For the past week I have made myself write for an hour a day, minimum. To achieve this, I have installed anti-distraction apps, I have felt absolutely horrible about the need to sit down and do it, and I have at times bullied myself into doing so. I can’t claim that my methods have been all that ideal. The no distractions apps are good, at least?
This probably seems pretty contrary. I love writing. There is probably nothing in the world I love doing more than writing. But getting myself to do it every day again has been really, really hard.
Well, part of it is that first drafts terrify me. Because for me, and for a lot of people, you basically just have to get the words down. It generally involves accepting that those words will be absolutely terrible. That you’re going to have to rewrite or remove them later on.
But to enable your second and third and fourth drafts, the ones where it becomes a real book that you really like…you’ve got to write a first draft.
The other half is that forcing yourself to do anything is hard. It doesn’t matter if you’re forcing yourself to go and eat a chocolate cake. If you’re not in the habit of getting up and going to eat that cake, if that action is hard for you, it’s going to be hard regardless of how much you love chocolate cake.
…I want cake now.
So what happens when you manage to get going?
Most of the time, as soon as I’ve got myself distraction free and I’ve opened the document, I start writing and then don’t look up until half an hour has gone at least. I fall into my favourite feeling – that feeling of being lost in what I’m writing and not wanting to come up for air.
Sometimes this doesn’t happen and I struggle for the hour, but I still emerge from it feeling satisfied that I’ve done it. It helps that when I’m writing a first draft I jump back and forth a lot – I basically write hundreds of disparate scene pieces that I then go in and link up together. This is what works for me, and it means that on a day where I’m struggling, I can at worst put 200 words on 6-10 scenes rather than going for a single linear batch.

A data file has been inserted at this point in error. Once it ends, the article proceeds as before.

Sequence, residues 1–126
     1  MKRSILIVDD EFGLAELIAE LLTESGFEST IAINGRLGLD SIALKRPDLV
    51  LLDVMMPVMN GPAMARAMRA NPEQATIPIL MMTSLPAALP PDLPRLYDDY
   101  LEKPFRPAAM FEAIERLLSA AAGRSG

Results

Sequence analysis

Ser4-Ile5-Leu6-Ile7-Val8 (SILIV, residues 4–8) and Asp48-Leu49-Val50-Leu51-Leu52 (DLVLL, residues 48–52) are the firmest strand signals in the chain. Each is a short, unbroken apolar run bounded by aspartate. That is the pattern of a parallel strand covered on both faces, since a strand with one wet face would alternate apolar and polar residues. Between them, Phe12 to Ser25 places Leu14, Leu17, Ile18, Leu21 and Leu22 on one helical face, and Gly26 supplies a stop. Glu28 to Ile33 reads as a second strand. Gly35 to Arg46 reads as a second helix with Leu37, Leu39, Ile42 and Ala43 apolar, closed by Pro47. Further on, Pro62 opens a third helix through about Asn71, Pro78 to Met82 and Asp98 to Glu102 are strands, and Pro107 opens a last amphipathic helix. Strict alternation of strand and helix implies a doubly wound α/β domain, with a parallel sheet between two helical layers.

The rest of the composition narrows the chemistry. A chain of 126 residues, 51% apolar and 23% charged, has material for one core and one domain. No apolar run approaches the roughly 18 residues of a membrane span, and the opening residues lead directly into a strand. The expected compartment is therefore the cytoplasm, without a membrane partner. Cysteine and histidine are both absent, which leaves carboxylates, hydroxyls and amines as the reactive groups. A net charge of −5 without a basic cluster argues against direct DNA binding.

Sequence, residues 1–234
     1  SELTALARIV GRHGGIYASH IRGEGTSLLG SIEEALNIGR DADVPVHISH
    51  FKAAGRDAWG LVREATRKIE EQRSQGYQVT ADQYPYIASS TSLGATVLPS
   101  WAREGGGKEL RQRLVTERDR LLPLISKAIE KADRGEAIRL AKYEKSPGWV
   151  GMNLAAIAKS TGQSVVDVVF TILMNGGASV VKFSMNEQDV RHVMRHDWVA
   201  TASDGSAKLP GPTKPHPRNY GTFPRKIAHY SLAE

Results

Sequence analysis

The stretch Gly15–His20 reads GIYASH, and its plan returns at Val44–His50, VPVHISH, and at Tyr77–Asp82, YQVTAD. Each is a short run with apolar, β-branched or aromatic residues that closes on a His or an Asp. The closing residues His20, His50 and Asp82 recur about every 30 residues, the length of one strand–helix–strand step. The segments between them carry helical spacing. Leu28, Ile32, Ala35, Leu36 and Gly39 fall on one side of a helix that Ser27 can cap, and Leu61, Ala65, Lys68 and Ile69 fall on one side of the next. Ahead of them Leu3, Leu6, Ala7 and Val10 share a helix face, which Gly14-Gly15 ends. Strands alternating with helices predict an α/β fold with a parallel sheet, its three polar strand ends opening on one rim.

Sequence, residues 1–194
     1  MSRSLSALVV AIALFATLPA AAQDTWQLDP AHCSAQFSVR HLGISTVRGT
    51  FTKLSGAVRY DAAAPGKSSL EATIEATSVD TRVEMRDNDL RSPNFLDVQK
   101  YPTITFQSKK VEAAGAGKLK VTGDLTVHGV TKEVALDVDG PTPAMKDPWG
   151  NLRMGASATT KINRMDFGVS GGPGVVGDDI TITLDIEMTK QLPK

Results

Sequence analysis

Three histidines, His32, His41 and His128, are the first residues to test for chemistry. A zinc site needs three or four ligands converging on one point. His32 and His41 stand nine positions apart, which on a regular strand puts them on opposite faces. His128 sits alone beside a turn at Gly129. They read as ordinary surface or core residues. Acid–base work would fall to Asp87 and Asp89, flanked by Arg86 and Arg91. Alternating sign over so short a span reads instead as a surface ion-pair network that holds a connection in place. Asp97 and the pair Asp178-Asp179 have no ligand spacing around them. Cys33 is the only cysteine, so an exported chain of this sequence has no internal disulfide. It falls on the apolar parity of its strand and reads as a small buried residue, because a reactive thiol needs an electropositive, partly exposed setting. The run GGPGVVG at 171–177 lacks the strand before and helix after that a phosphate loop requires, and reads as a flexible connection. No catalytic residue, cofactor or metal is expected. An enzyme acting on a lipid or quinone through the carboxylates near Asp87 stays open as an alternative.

I work like this for a few reasons. Part of it is that it’s really handy to know what you’re building to ahead of time. A lot of it is just because I’m easily distracted. I refer you to the very necessary anti-distraction apps.
Why did you decide to start this up again now?
Well, let’s return to the one piece of writing advice that really is universally applicable: to be a writer, you have to write things.
Shocking, I know.
It’s a lot more than the desire to write more, though. To maintain my mental health, I have to force myself to be something I’m not – a creature of habit. I have to sit myself down each day and do the same set of things. And. genuinely, one of the things I have to do every day to maintain my health is write something. I’ve lost that a lot over the past few months, and getting that back is really important.
On top of that, I really want to get the bulk of this first draft of Bastion down before I go to university in September. I don’t know how much time I’m going to have to work on it whilst I’m there, and if I can have a first draft by then, I’ll feel a lot better about potentially putting it aside for a year. If I can write an hour every weekday between now and the beginning of September, I should manage that.
Is this sustainable when you’ve admitted you’re not using the best methods?
This is the big question. On the second day I did this write-for-an-hour-without-distraction habit, I felt so incredibly anxious until I’d started it. Honestly, I felt pretty anxious all the way through doing it.
I struggled a bit with focusing, but managed to write a thousand words in disparate pieces within the first half hour. The second half hour I spent writing for the blog instead, because I could tell I wasn’t going to manage to do more on Bastion, but I’m happy enough with this – it kept me in the habit.
The really hard point that day was the moment where I hadn’t done it, where it felt like there was a knot in my chest. In the end I had to point out to myself that it definitely wasn’t going to go anywhere if I did nothing, and that for once I ought to just do the thing I knew would fix it. I wasn’t very kind in my mental dialogue.
So as I go forward, what I really want to focus on is being more compassionate towards myself. It’s something my last therapist really wanted me to do, and something I’m still not amazing at. I second guess myself a lot, including when I’m trying to do what’s best for myself, which means I often don’t do the best thing at all.
It won’t always be easy, but it won’t always be hard either. And the more I do it, the easier it will become. Besides – it’s a good warm up for going to university!